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The Pop Music Guild

Photo+by+Andrew+Veenstra-Banning.
Photo by Andrew Veenstra-Banning.

Photo by Andrew Veenstra-Banning.

Photo by Andrew Veenstra-Banning.

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It’s been two years since the Calvin music department and Student Activities Office teamed up to start a new program called the Pop Music Guild. The guild boasts a number of bands and soloists who take part in music-making as a community. According to the music department handbook, “this program is designed to help develop emerging student musicians and bands by providing them with mentoring, rehearsal space and avenues for collaboration, opportunities for live performance and assistance toward making a studio recording.” For many students, sustaining a band or a musical group outside of a Calvin musical ensemble was not possible. From not having access to instruments to not having a space to practice, there were not enough resources to help students develop their skills and knowledge of rock, pop and other non-classical music styles, so the Pop Music Guild was created as a response to that problem.

“The SAO is built on the thesis that pop culture matters. We see engaging pop culture with a discerning mind as not merely permissible, but an important part of the Calvin education. We believe the conversation taking place in pop culture is important, and through [Pop Music Guild] we are helping our students join that conversion, creating culture of their own,” said John Williamson, research and program coordinator in campus involvement and leadership. He added, “For some students who are interested in making music for some kind of profit, we share some business advice and potentially even opportunities to perform in front of national touring artists who are visiting Calvin.” Not everyone is interested in going into music as a career, however. Williamson believes that “there is an inherent value in providing students the opportunity to express themselves. Developing as artists can help them know themselves and the world more deeply. We also believe it serves the Calvin community to have fellow students sharing their talents and their ideas in the form of music.”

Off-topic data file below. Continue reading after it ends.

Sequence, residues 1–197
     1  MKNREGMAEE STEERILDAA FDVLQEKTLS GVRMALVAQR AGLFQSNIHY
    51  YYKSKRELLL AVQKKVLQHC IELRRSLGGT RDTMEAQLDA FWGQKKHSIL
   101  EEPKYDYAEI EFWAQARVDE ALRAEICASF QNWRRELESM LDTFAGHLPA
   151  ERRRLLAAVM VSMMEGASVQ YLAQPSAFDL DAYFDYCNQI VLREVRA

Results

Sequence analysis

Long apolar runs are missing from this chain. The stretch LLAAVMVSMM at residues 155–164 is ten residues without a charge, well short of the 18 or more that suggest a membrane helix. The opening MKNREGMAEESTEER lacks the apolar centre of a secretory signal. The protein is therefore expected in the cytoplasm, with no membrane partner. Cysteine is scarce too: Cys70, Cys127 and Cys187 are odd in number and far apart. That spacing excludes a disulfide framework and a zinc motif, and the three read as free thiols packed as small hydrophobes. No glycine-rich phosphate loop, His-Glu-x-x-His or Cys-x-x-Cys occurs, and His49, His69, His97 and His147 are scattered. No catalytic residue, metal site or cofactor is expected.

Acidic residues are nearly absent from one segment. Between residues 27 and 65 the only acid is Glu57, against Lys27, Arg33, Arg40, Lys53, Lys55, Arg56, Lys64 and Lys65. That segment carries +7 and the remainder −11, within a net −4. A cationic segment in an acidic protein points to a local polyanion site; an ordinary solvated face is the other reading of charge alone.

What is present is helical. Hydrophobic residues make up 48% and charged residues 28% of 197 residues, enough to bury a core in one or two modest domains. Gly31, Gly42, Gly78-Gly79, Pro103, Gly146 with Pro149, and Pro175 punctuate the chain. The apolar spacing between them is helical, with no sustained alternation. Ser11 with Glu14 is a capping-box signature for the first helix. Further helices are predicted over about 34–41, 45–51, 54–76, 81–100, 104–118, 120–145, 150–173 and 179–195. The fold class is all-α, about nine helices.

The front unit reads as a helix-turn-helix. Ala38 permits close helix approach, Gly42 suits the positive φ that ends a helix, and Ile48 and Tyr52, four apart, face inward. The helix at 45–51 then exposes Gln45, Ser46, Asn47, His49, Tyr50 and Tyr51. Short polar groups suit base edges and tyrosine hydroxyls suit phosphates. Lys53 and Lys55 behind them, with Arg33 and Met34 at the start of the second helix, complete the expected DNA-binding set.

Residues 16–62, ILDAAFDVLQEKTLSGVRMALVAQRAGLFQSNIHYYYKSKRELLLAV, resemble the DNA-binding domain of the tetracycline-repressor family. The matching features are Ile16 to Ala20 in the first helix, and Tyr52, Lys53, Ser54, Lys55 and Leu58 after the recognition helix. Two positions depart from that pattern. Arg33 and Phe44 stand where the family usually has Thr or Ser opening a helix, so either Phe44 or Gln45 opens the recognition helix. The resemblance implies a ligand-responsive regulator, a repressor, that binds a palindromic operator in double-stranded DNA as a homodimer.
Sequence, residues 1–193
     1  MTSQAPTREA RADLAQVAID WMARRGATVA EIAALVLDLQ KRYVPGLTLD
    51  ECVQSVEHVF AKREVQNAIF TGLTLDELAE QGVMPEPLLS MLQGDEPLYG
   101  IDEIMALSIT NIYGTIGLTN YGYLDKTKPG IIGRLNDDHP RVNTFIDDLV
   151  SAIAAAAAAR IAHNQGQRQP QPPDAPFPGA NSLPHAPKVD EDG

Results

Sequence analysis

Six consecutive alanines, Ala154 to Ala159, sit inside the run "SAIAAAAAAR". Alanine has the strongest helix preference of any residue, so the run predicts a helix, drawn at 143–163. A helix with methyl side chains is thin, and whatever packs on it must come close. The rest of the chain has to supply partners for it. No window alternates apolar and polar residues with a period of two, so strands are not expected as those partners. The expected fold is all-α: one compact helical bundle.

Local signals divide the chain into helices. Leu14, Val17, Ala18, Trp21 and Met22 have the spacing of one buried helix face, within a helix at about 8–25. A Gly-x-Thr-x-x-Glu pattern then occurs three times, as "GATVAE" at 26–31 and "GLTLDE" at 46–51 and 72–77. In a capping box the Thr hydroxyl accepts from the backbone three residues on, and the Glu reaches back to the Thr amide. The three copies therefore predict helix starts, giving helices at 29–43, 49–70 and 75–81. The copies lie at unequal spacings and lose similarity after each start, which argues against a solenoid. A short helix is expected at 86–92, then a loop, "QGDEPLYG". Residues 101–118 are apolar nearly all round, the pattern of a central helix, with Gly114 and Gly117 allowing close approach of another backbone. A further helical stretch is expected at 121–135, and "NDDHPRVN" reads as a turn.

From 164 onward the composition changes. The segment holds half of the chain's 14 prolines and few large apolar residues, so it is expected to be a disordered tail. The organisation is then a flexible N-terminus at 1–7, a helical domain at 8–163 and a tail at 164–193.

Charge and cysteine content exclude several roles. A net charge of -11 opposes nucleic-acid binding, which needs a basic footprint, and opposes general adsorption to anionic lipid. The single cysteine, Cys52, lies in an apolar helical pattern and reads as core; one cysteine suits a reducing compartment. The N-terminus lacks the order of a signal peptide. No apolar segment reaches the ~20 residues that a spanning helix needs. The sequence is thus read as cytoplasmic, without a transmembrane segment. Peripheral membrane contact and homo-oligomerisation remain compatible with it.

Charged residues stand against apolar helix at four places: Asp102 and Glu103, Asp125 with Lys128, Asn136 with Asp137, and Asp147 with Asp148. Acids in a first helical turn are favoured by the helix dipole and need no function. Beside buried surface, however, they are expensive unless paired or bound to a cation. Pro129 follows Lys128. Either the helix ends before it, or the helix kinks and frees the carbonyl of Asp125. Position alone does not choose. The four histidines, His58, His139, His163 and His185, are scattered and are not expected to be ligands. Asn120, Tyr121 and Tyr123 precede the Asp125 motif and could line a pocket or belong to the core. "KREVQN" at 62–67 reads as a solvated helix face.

The guild has about 40 members, which include at least six bands and a few solo acts. They are kept in the loop by their mentors, Ken Heffner, Williamson and Professor David Fuentes, who inform them about learning opportunities such as workshops and concerts. They are also involved in monthly feedbacks sessions where members of the guild share their music with the group and receive feedback from their peers. Williamson also mentioned that the three mentors offer monthly meetings to members of the guild in which they “check in with the artists about their development and their goals.”

One of the most vital aspects of the guild’s provisions for students is a rehearsal space in Calvin’s Surge building. Students who don’t have the space or resources on hand to practice with their band — especially with a drum set — have access to space in the building which contains one. Cotter Koopman said that “having that space as a resource is really nice, and definitely empowers our band to pursue gigs and be more active than we would on our own.”

Koopman, a singer-songwriter-bass-keyboardist of the band Sleepover, provided insight on the sort of commitment that is required for the Pop Music Guild: “The time commitment mostly consists of monthly feedback sessions.” During the feedback sessions, students listen to other guild members’ songs and offer critique and encouragement. They also go to mentoring sessions with the staff leaders about their musical projects. Koopman continued, “It isn’t much. Other than that, it’s entirely what you put into it.”